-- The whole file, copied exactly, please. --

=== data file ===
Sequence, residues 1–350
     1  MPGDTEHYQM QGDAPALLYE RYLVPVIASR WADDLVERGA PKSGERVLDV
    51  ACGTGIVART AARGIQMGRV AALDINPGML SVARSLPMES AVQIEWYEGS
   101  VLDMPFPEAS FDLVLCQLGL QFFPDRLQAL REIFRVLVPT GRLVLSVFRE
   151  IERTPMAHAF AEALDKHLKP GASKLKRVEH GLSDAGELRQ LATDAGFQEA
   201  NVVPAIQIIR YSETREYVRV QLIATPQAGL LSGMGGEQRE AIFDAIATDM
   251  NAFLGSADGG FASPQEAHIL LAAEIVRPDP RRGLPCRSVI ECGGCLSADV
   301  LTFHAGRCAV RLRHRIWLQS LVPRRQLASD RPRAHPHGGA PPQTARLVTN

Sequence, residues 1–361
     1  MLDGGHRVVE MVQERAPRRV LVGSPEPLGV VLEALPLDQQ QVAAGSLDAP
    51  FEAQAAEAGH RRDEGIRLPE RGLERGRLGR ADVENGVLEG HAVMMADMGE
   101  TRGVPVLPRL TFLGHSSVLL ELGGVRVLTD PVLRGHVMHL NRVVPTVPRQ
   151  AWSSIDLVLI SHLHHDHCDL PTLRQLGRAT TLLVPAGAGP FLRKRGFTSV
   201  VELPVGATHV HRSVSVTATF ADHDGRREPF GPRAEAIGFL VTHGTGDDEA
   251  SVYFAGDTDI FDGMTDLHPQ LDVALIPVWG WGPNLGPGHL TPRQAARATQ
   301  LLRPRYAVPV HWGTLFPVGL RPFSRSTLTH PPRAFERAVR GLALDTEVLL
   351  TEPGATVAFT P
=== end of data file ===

Sequence, residues 1–350
     1  MPGDTEHYQM QGDAPALLYE RYLVPVIASR WADDLVERGA PKSGERVLDV
    51  ACGTGIVART AARGIQMGRV AALDINPGML SVARSLPMES AVQIEWYEGS
   101  VLDMPFPEAS FDLVLCQLGL QFFPDRLQAL REIFRVLVPT GRLVLSVFRE
   151  IERTPMAHAF AEALDKHLKP GASKLKRVEH GLSDAGELRQ LATDAGFQEA
   201  NVVPAIQIIR YSETREYVRV QLIATPQAGL LSGMGGEQRE AIFDAIATDM
   251  NAFLGSADGG FASPQEAHIL LAAEIVRPDP RRGLPCRSVI ECGGCLSADV
   301  LTFHAGRCAV RLRHRIWLQS LVPRRQLASD RPRAHPHGGA PPQTARLVTN

Sequence, residues 1–361
     1  MLDGGHRVVE MVQERAPRRV LVGSPEPLGV VLEALPLDQQ QVAAGSLDAP
    51  FEAQAAEAGH RRDEGIRLPE RGLERGRLGR ADVENGVLEG HAVMMADMGE
   101  TRGVPVLPRL TFLGHSSVLL ELGGVRVLTD PVLRGHVMHL NRVVPTVPRQ
   151  AWSSIDLVLI SHLHHDHCDL PTLRQLGRAT TLLVPAGAGP FLRKRGFTSV
   201  VELPVGATHV HRSVSVTATF ADHDGRREPF GPRAEAIGFL VTHGTGDDEA
   251  SVYFAGDTDI FDGMTDLHPQ LDVALIPVWG WGPNLGPGHL TPRQAARATQ
   301  LLRPRYAVPV HWGTLFPVGL RPFSRSTLTH PPRAFERAVR GLALDTEVLL
   351  TEPGATVAFT P